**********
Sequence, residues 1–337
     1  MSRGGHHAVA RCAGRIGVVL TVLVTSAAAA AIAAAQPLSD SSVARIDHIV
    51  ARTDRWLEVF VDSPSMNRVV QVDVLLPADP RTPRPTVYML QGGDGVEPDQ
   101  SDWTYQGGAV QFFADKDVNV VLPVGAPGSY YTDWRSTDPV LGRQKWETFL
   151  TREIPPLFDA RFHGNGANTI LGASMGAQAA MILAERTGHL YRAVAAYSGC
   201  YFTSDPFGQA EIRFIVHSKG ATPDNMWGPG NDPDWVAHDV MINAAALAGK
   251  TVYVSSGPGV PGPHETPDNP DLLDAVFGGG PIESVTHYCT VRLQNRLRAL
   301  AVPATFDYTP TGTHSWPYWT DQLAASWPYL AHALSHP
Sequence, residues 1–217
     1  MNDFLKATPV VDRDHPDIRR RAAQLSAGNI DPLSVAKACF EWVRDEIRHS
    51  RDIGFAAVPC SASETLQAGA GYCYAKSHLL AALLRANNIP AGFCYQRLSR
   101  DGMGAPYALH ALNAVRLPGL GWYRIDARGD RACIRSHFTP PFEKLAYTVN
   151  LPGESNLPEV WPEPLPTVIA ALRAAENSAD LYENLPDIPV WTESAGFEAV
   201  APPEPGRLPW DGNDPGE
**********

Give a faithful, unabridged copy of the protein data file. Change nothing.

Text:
Sequence, residues 1–337
     1  MSRGGHHAVA RCAGRIGVVL TVLVTSAAAA AIAAAQPLSD SSVARIDHIV
    51  ARTDRWLEVF VDSPSMNRVV QVDVLLPADP RTPRPTVYML QGGDGVEPDQ
   101  SDWTYQGGAV QFFADKDVNV VLPVGAPGSY YTDWRSTDPV LGRQKWETFL
   151  TREIPPLFDA RFHGNGANTI LGASMGAQAA MILAERTGHL YRAVAAYSGC
   201  YFTSDPFGQA EIRFIVHSKG ATPDNMWGPG NDPDWVAHDV MINAAALAGK
   251  TVYVSSGPGV PGPHETPDNP DLLDAVFGGG PIESVTHYCT VRLQNRLRAL
   301  AVPATFDYTP TGTHSWPYWT DQLAASWPYL AHALSHP
Sequence, residues 1–217
     1  MNDFLKATPV VDRDHPDIRR RAAQLSAGNI DPLSVAKACF EWVRDEIRHS
    51  RDIGFAAVPC SASETLQAGA GYCYAKSHLL AALLRANNIP AGFCYQRLSR
   101  DGMGAPYALH ALNAVRLPGL GWYRIDARGD RACIRSHFTP PFEKLAYTVN
   151  LPGESNLPEV WPEPLPTVIA ALRAAENSAD LYENLPDIPV WTESAGFEAV
   201  APPEPGRLPW DGNDPGE